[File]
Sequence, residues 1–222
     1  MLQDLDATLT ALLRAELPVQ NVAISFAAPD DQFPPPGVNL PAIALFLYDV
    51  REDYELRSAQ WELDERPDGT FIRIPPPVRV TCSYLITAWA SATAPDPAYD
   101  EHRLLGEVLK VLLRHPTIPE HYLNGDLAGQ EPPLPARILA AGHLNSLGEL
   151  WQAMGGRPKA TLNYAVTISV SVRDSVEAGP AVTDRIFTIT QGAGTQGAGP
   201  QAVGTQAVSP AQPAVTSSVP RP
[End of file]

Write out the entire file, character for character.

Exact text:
Sequence, residues 1–222
     1  MLQDLDATLT ALLRAELPVQ NVAISFAAPD DQFPPPGVNL PAIALFLYDV
    51  REDYELRSAQ WELDERPDGT FIRIPPPVRV TCSYLITAWA SATAPDPAYD
   101  EHRLLGEVLK VLLRHPTIPE HYLNGDLAGQ EPPLPARILA AGHLNSLGEL
   151  WQAMGGRPKA TLNYAVTISV SVRDSVEAGP AVTDRIFTIT QGAGTQGAGP
   201  QAVGTQAVSP AQPAVTSSVP RP